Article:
In light of Trump’s victory in the US presidential election, one question looms large: How will Trump address US-China relations?
Like many of Trump’s relationships, his relationship with China is, and has been for this presidential election, complex. In May of this year, Trump claimed that China was “raping” the United States by manipulating its own currency to make made-in-China products more economically competitive. He also demanded that the Asian giant be labeled as a “currency manipulator.” In June, he vowed to place a 45% tariff on imported Chinese goods. In response, Beijing has called out Trump for his excessive China-bashing.
Yet despite Trump’s rhetoric, some Chinese favor Trump’s presidency over Hillary Clinton’s. This preference for Trump is partly because Hillary led the American “pivot to Asia” under President Obama’s leadership, while Trump supported drawing back US action in Asia, thus leaving more room for China to expand its influence in the region, according to comments from political commentator Professor Xie Tao at Beijing Foreign Language University via Australia Broadcasting Corporation.
— The Hill (@thehill) May 2, 2016
Now faced with Trump as the US president, trade war between the two largest economies seems to be the central issue determining US-China relations. The Wall Street Journal predicts that if Trump enforces the 45% tariff on imported Chinese goods, people in China will target American investors, thus dealing a blow to well-off American companies operating in China. Earlier today, Party tabloid the Global Times wrote that China could potentially stop buying Boeing and cut off sales of the iPhone in China. In a phone call on Monday, Chinese President Xi Jinping also told Trump that cooperation is the only option.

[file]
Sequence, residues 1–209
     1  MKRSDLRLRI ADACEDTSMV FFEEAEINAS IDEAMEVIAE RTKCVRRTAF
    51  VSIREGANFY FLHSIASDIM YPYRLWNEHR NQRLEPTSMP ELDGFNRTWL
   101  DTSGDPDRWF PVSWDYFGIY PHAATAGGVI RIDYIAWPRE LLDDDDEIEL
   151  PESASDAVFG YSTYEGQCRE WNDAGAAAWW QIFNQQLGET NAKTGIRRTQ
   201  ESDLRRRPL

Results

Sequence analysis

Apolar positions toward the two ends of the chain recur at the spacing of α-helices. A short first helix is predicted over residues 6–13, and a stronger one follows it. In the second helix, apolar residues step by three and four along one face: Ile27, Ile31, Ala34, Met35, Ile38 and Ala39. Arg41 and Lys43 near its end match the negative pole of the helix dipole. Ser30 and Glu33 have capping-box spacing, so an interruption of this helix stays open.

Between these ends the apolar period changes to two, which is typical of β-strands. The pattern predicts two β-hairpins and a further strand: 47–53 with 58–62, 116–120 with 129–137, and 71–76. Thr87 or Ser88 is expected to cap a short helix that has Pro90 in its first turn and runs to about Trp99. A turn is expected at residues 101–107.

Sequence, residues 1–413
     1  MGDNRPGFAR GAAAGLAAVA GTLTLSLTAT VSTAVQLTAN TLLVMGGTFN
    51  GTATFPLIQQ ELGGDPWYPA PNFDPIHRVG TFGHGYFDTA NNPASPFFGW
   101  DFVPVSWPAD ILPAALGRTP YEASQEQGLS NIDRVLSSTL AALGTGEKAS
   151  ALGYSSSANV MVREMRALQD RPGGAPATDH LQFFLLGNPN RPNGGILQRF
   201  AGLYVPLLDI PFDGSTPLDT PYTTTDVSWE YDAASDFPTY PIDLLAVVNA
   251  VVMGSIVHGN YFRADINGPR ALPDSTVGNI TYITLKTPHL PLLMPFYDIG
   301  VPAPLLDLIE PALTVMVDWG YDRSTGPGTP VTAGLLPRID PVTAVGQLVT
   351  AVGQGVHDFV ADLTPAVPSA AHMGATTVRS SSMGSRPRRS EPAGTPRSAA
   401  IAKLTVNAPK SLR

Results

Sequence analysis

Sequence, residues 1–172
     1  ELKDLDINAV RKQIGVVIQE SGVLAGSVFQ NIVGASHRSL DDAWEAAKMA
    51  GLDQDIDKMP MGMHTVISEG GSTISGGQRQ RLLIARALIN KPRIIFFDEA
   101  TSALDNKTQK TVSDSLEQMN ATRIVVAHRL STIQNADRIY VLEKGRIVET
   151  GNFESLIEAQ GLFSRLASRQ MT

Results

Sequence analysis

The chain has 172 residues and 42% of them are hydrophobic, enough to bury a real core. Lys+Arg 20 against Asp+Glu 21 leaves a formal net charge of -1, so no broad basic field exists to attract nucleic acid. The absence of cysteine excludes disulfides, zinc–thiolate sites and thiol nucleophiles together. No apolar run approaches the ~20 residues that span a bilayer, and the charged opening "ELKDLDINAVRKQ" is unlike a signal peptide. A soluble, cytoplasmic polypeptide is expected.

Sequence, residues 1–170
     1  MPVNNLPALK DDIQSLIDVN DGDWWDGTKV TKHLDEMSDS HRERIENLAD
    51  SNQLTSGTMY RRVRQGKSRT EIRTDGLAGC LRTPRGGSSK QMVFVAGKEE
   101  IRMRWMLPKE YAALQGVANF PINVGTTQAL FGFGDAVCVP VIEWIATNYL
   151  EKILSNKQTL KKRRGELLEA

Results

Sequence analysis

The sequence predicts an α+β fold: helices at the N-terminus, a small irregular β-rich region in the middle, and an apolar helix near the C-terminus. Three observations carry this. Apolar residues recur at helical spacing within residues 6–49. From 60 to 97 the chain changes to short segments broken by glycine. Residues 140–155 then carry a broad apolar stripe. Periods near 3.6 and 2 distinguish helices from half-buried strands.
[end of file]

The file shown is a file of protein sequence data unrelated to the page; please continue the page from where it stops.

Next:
One potential bright spot for China is Trump’s plan to pull out of the Trans-Pacific Trade Partnership (TPP), which would benefit China by leaving it with more room to assert power in Asia. Yet even this is uncertain; in a conversation on ChinaFile, national and foreign affairs broadcast reporter Melissa Chan points how Trump’s policy advisers are seeking tighter relations with China’s neighbors.
Trump’s major challenge will be his campaign commitment against the [TPP]. He will need to demonstrate some kind of economic pillar to the pivot, but without the TPP. That might not be possible.
— People's Daily,China (@PDChina) November 9, 2016
According to Bloomberg, China’s economic power lies in whether it can manage its overseas spending, international reserves, and debt. Although China’s economy has maintained a 6.7% growth for the third consecutive quarter, its currency continues to experience devaluation. If a trade war breaks out between the US and China, China will react strongly to US moves, commented Andrew Polk, Beijing-based head of China research at Medley Global Advisors.
— ReutersBreakingviews (@Breakingviews) November 8, 2016
Trump’s personality will also influence trade policy. According to The Diplomat, although China appears to have preferred Republican presidents in the past, Trump is not a typical Republican president; in fact, he “represents a new, populist faction of the party that shows no indication of cleaving to the business-friendly policies of the past.”
Professor Xie Tao expressed similar bewilderment of Trump: “You just don’t know him, he’s never had a single day in office.”
By Abby Ordillas
[Images from Baidu / Baidu]